Reversal of age-associated thymic atrophy: Treatments, delivery, and side effects

Richard Aspinall, Wayne Mitchell

Research output: Contribution to journalShort surveypeer-review

39 Citations (Scopus)


Our ability to survive infectious agents depends on making adequate immune responses, but as we get older our thymus atrophies. Production and export of T cells bearing new antigen receptor specificities to the peripheral T cell pool declines and results in shrinkage of the repertoire. Other changes in the peripheral T cell pool include an increase in cells moving closer to their replicative limit. Age related immune dysfunction, evident through the increased susceptibility to infection, follows these changes. Improvement in immune function in the elderly may require us to rejuvenate the immune system starting first with reversing the atrophy seen in the thymus. This has been achieved experimentally with interleukin 7, growth hormone, growth hormone secretagogues, keratinocyte growth factor or through chemical or surgical castration. The widespread use of one or more of these treatments will depend upon their effectiveness, their ease of delivery and the extent of any side effects.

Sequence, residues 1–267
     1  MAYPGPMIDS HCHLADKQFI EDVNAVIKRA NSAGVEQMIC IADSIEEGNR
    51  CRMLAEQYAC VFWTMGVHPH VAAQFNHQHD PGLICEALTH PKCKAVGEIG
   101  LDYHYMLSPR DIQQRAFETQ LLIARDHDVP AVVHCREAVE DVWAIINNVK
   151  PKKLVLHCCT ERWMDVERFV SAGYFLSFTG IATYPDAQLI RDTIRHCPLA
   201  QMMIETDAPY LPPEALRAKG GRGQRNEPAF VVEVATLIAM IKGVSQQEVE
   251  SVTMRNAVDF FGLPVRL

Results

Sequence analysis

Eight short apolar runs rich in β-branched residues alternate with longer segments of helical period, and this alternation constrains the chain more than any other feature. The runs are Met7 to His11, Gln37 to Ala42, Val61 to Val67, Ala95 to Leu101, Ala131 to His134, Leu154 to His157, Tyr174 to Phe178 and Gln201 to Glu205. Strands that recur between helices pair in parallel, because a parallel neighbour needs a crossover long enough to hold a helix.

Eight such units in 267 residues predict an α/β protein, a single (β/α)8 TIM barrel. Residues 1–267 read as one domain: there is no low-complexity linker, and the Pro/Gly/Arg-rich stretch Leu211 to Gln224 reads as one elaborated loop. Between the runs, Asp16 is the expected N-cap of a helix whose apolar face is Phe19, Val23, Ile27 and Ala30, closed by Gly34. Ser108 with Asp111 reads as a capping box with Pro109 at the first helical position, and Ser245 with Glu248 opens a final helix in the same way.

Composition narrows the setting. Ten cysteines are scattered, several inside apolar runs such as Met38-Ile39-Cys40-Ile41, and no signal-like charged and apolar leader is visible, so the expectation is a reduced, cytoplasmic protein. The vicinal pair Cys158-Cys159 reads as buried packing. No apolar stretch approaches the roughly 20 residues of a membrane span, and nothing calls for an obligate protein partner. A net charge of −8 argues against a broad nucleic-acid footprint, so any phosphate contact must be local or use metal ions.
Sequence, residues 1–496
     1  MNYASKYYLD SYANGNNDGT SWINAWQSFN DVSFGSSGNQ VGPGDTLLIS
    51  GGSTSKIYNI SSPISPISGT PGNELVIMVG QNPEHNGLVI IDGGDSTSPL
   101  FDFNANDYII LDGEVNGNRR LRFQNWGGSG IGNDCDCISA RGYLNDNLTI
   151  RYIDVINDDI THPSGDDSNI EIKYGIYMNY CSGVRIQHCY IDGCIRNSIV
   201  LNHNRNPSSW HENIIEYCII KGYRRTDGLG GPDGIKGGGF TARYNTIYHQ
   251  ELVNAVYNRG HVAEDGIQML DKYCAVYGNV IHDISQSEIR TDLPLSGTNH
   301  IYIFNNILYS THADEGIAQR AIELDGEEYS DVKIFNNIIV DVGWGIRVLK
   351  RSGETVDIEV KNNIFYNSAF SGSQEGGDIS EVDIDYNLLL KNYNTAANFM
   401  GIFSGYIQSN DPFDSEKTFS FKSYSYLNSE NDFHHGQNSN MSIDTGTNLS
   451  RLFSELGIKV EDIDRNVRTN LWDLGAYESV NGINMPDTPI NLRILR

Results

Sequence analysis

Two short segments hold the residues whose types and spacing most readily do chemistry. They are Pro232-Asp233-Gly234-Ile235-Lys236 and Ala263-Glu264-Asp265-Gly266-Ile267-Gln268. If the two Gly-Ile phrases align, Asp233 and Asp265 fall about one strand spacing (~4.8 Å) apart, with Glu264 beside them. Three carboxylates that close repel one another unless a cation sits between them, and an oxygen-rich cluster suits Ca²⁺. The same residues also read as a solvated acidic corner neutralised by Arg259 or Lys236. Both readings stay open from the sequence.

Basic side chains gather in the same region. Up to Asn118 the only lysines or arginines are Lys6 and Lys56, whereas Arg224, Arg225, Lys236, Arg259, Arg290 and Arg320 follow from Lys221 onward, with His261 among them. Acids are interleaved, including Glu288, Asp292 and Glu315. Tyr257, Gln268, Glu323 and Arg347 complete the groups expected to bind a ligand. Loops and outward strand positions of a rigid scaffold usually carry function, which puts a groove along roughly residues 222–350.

Original languageEnglish
Pages (from-to)700-705
Number of pages6
JournalExperimental Gerontology
Issue number7
Early online date1 May 2008
Publication statusPublished - Jul 2008
Externally publishedYes


  • Interleukin-7
  • Keratinocyte growth factor
  • Sex steroid intervention
  • Thymic atrophy

ASJC Scopus subject areas

  • Biochemistry
  • Ageing
  • Molecular Biology
  • Genetics
  • Endocrinology
  • Cell Biology


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